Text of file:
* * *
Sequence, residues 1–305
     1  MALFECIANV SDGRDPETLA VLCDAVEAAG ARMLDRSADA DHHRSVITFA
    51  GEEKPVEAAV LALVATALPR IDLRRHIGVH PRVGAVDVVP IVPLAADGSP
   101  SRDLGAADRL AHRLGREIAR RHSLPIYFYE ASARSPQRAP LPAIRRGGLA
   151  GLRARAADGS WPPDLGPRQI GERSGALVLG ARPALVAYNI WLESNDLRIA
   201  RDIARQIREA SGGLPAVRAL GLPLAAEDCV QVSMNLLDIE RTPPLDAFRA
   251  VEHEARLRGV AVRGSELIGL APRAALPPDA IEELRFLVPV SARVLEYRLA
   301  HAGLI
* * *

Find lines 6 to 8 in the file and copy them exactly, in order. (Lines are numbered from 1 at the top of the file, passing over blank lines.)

   201  RDIARQIREA SGGLPAVRAL GLPLAAEDCV QVSMNLLDIE RTPPLDAFRA
   251  VEHEARLRGV AVRGSELIGL APRAALPPDA IEELRFLVPV SARVLEYRLA
   301  HAGLI